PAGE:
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heard the word innovation, i have to put a plug in for tradition. i have a very traditional education. i spent a lot of years in silence speaking latin up in the hills, living within the medieval framework. i do respect the past. we study it. if you are grounded in tradition, you feel quite confident in change and innovation. if you are insecure, you are very reluctant to embrace the unknown. i do think we need to in our education and politics, we have to have a new appreciation for our traditions and the patterns that describe our culture and our being as americans. having said all that, we have saved in california tens of billions in energy efficiency. when i first adopted those, people reacted negatively. we pushed ahead. and now in california we have ab 32. signed by a republican actor turned governor. promoting something i pick up on and promote further. the number of people in silicon valley defended ab23 against -- ab32 against an onslaught of texas oil companies. we defend when they tried to block your business. california gets 50% of the venture capital. there is a lot going on
a community center in the western addition and we talk about educating and supporting and one of the things that comes it my mind off the top is really talking to the people that are doing the bullying and understanding hurt people hurt people, right? as we're talking about this, there are two pieces and i'm wondering how do you integrate, we all talk about the finances and making things happen, but one is the mental health piece, the part about understanding where it's coming from, talking about a culture or a community, that's what they are used to. you tell people not to do that but as a child all you've heard is negativity and you've been beat up on and they talk bad to you. it's not just from one workshop you are going to change the mindset, how do we understand the mentality. the other is understanding the online/offline. we had alonzo coming in and speaking to us, they don't understand the impact, it's not enough for me to say we're going to do a workshop or a campaign, a poster thing, it's really about how do we change the culture of a community and a people and it's not just a o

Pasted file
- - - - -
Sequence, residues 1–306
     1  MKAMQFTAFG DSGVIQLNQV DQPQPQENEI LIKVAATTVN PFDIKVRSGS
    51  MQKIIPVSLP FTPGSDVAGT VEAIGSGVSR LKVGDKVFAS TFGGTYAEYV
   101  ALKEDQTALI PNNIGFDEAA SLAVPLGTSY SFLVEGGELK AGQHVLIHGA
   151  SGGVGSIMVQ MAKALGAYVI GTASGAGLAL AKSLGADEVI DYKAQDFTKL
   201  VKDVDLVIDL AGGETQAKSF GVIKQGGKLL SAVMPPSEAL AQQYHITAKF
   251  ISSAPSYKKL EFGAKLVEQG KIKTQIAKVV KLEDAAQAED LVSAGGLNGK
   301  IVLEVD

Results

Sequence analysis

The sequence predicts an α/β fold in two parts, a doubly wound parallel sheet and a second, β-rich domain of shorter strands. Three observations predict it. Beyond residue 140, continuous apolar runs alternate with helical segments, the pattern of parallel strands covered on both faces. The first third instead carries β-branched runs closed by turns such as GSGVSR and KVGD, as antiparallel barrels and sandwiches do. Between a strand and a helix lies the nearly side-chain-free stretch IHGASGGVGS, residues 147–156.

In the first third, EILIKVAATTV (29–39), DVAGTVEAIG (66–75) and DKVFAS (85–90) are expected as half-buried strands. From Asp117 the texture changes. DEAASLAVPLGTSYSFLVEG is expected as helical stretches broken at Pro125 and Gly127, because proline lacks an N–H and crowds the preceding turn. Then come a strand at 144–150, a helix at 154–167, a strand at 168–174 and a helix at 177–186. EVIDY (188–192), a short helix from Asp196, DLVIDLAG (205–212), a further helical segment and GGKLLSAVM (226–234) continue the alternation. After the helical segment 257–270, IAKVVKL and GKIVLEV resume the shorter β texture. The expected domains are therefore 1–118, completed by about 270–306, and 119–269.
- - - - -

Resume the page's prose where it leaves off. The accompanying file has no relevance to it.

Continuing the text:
another fronting something that was taking away from the value. they need education. when you go through the first process there is a checklist as to what you should be bringing in if you're going to the hearing. >> thank you so much. thank you ms. nelson. next we have shawn ridgell. okay. next we have daniel hershkowitz. >> how do you do? >> how do you do. >> please ask me the same question at the end. i am a real estate attorney and arrested broker in san francisco. i have been here for half of my life, true in a couple of months. i have been a real estate attorney for the last 15 years here san francisco and for a few years in oakland. for the last 12 years i have worked primarily as a real estate broker. i have quite a bit of experience with the appraisal process. i am a homeowner here in san francisco. that is in true; i have been a renter for the last two months; for the previous 15 years, an owner of single-family homes and a few condos and also the landlord. i understand all of those perspectives. i also was the president and secretary depending on the year of homeowners
, deeply grounded in our education and how it has prepared us as women and the leaders and the fact that your mom was very much an activist in the movement, and they need to know about it. i'm working on the book, this book. i said well, can i help you, can i get it published and that is how this journey began. >> bernice, when did your mother began her activism? she was born in marion alabama? >> i ron ackley if you study history, three of the leading movement, ralph abernathy and my father all have lives in alabama. how ironic is that. my mother didn't know one leader after that. she no one was much younger but they didn't know, you know, that kind of stuff and it just brought it all together. and so, growing up there in rural alabama with a father who was an entrepreneur early on and he called lumber and he did open an assault mel by a white gentleman. the father's determination to stand up to justice and continue to move to really influenced her and that produced a lot of the leaders in the nation. missionaries came and educated the reactive and why am i here driven by the fact